“You would have just a few words on the front of a brochure and pages and pages of a brochure with these 13 languages, 29 words, 48-point font size,” Staver said. “The message required the crisis pregnancy centers to promote abortion, and even provide the telephone number for low cost or free abortion centers.”

If the Supreme Court had ruled the other way, other states likely would have followed California’s example. While similar laws have already been struck down in states such as Maryland, Illinois, Texas, and New York, Hawaii enacted a similar law last year that still stands.

A Place for Women, a pro-life pregnancy center in Waipio, Hawaii, filed suit against the state law last year with the help of ADF. Legal counsel Elissa Graves told me that Hawaii pregnancy centers are “very excited” about last week’s Supreme Court ruling, “thinking they will not have to engage in this compelled speech.”

Graves said ADF planned to ask a court to block the Hawaii law, and is hopeful for success, based on the precedent set by the recent Supreme Court ruling.

The ruling may also apply to future cases regarding “professional speech,” even as California seeks to ban therapy for those struggling with same-sex attraction.

California argued that the workers in pregnancy centers should be relegated to “professional speech,” a category of speech it said should be much narrower. The Supreme Court disagreed.

Staver said the case could have a huge effect not just on crisis pregnancy centers but on “all of the laws that seek to ban counsel for people seeking to overcome or eliminate unwanted same-sex attractions, behavior, or identity.”

Associated Press/Photo by Frank Franklin II (file) Associated Press/Photo by Frank Franklin II (file) Abortionist Robert Rho

Rho goes to jail

Robert Rho, the abortionist who pleaded guilty to criminal negligence in the death of a 30-year-old woman, received a light prison sentence last week.

Rho severely damaged Jamie Lee Morales’ cervix, uterine wall, and uterine aorta during a 2016 abortion procedure. Instead of sending her to a hospital for treatment, he sent her home with her sister, even though Morales had already collapsed in the lobby.

She passed out in her sister’s car and died shortly afterward at a local hospital.

Rho could have faced 15 years in prison, but a last-minute plea bargain got him a sentence of 16 months to four years. His lawyer believes he could go free in less than a year.

“Dr. Rho should sit in prison for the rest of his life,” pro-life advocate Abby Johnson said in a statement. “Women deserve better than the Dr. Rhos of the world and they deserve better than abortion.”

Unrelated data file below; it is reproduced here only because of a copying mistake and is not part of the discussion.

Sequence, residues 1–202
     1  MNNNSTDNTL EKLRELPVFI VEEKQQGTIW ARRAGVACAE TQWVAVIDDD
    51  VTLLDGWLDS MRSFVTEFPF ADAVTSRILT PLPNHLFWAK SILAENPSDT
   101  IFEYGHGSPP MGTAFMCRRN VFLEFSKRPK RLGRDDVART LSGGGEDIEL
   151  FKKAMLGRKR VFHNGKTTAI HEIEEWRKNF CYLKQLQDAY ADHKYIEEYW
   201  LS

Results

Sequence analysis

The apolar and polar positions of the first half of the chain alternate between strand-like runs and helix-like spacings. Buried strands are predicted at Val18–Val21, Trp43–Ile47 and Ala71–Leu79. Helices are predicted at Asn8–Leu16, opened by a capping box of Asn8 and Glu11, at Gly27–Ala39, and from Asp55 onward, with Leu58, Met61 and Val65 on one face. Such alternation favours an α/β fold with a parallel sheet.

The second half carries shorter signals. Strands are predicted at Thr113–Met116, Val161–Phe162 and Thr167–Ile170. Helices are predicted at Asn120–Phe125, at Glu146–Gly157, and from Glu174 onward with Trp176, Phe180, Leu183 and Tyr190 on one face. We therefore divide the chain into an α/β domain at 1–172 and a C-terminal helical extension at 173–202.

Associated Press/Photo by Ross D. Franklin Associated Press/Photo by Ross D. Franklin The Walgreens in Peoria, Ariz., where the pharmacist refused to fill a prescription for misoprostol

Free conscience for pharmacists

Walgreens is backing an employee who recently refused to fill a prescription for misoprostol. After Arizona resident Nicole Arteaga miscarried her unborn baby, her doctor prescribed the drug, commonly used in medication abortions, to expel the baby.

The employee allegedly refused to hand her the prescription, citing his ethical beliefs. “I left Walgreens in tears, ashamed and feeling humiliated by a man who knows nothing of my struggles but feels it is his right to deny medication prescribed to me by my doctor,” Arteaga wrote in a now-viral Facebook post.

Walgreens apologized for how the situation was handled, but wrote, “To respect the sincerely held beliefs of our pharmacists while at the same time meeting the needs of our patients, our policy allows pharmacists to step away from filling a prescription for which they have a moral objection.”

Arteaga was able to fill her prescription at a different Walgreens.

Setbacks and victories

Indiana: A federal judge last week issued an injunction against a state law requiring doctors to report medical complications from abortions. Planned Parenthood of Indiana and Kentucky filed suit against the law in May.

Maryland: Alongside its pro-free-speech NIFLA ruling, the U.S. Supreme Court declined to overrule a case in Maryland in which pro-life pregnancy centers successfully blocked a law that would have required them to advertise they don’t perform abortions.

Samantha Gobba

Samantha reports on the pro-life movement for WORLD Digital.